Short-term Brexit skills shortfall could help firms like Alba Power retrain staff with custom apprenticeship schemes
With Boris Johnson’s Brexit set to materialise on January 31 and take full effect in 2021, there is a looming possibility that new restrictions on migration could impact employers and concerns that UK businesses could face a shortfall of qualified staff.
Domestically, many industries are affected by an existing and persistent skills gap which is already proving problematic. Indeed, the shortcomings of the existing apprenticeship levy only brings the problem further under the microscope. However, a short-term skills shortage fuelled by Brexit may provide an opportunity for employees who want to diversify their careers and employers who wish to help them do just that, rather than exacerbate the existing issue.
The ready availability of distance learning and education means that re-skilling is possible even around an individual’s existing commitments, which makes the prospect of retraining very much achievable. Yet, in some niche sectors, some businesses who have or are developing their own apprenticeship schemes could use this period to truly test their training methods and benefit from enrolling individuals who are willing to take a new career path and retrain. Alba Power is one of them.
The Aberdeen based business, which has been trading since 2003, specialises in the overhaul, supply and decommissioning of gas marine and power turbines.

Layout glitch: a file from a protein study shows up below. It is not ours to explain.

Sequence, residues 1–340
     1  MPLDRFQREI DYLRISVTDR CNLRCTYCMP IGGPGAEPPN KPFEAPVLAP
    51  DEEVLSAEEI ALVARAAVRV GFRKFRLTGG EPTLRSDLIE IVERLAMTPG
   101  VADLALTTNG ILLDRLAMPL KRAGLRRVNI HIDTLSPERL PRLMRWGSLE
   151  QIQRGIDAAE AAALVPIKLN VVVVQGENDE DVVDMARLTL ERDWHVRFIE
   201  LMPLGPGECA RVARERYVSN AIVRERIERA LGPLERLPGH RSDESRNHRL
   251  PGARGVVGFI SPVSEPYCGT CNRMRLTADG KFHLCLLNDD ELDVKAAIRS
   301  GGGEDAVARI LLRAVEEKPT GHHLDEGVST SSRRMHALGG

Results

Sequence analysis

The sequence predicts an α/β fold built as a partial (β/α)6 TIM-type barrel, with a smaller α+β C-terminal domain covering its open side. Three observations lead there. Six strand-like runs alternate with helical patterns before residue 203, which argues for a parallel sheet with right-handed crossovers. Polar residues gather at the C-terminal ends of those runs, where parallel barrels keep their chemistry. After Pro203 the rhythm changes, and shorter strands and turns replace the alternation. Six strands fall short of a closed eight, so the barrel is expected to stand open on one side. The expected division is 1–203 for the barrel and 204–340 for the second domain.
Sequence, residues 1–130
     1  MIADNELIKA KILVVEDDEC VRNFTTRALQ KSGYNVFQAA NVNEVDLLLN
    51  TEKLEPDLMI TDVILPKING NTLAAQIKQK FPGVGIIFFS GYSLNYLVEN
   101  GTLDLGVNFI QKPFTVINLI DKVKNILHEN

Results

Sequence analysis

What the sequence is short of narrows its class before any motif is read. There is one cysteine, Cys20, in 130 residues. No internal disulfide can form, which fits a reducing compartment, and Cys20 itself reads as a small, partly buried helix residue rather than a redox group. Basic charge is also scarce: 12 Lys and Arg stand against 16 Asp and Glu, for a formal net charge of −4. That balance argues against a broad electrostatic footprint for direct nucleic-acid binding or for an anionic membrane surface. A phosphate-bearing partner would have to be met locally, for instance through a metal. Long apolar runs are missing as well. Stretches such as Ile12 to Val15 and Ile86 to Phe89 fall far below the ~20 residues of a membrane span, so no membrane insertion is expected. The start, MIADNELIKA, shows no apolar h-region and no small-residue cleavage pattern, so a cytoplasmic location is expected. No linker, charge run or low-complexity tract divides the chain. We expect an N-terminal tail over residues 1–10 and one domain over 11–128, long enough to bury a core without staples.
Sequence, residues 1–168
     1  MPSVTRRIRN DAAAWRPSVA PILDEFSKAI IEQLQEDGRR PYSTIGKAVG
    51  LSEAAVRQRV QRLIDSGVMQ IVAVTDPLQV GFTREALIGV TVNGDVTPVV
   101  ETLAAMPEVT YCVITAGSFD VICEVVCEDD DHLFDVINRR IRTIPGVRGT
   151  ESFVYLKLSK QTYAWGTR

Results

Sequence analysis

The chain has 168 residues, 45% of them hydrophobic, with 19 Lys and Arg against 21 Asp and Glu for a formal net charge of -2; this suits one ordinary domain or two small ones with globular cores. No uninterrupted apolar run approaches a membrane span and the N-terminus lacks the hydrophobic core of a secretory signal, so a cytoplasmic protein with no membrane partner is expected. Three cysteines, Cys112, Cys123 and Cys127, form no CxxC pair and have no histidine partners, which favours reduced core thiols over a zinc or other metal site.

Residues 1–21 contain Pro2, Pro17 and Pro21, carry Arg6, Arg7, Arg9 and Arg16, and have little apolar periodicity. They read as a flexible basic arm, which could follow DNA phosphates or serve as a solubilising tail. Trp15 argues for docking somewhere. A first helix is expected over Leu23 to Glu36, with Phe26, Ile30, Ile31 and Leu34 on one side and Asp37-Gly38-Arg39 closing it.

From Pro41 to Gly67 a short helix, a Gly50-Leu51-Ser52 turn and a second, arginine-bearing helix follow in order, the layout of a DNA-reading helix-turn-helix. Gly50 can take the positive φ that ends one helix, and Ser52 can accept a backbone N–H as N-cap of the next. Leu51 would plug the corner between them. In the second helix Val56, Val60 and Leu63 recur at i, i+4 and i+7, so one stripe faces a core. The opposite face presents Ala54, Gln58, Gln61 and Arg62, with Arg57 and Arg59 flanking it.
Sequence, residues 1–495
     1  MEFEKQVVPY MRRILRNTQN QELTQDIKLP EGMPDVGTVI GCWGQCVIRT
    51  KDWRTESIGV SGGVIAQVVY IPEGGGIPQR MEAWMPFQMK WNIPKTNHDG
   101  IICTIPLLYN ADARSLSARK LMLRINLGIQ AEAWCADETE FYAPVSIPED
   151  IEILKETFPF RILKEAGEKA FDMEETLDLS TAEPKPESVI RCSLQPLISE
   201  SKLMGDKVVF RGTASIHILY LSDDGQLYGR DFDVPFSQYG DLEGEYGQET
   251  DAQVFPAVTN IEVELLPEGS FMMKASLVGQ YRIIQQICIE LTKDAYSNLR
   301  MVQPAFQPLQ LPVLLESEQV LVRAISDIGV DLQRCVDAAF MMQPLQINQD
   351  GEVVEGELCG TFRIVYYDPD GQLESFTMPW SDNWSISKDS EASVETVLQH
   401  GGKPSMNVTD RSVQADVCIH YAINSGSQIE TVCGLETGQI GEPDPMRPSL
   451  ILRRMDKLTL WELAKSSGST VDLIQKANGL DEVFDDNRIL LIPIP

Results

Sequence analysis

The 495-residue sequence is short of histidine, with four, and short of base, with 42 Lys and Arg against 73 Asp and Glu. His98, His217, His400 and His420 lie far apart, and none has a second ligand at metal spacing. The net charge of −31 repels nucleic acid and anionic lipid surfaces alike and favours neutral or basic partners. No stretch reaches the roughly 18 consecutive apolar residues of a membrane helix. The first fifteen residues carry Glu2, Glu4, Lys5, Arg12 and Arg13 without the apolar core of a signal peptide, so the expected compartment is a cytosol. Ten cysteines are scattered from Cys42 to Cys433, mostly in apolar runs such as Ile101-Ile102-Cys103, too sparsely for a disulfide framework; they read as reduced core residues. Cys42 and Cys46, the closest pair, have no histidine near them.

The general manager and director of the firm, Neil McKenzie, spoke to The Parliamentary Review about the specifics of their work and how they hope the launching of their own apprenticeship scheme will address the skills shortfall.
McKenzie said: “Because we’re a niche company working in a niche area, many of the problems we face lack precedent, so we must chart our own territory.
“This also means we must provide bespoke solutions, which is both a challenge and advantage for us. Although it allows us to provide a service that many others cannot provide, it also means we have to recruit in a very specialist manner.
There are not a lot of trained people in this sector, so we’ve decided to create our own apprenticeship scheme, which will help us in terms of staffing. Although this is a challenge, it is one that we gladly and reliably meet”.
Of course, how the inevitable skills shortfall from a shortage of EU workers ultimately affects the longstanding skills shortage is yet to be determined as if the future of the apprenticeship levy, but from a business standpoint there are undeniably opportunities for businesses to take advantage of, should they switch focus and target those closer to home who have potential to adopt new skills.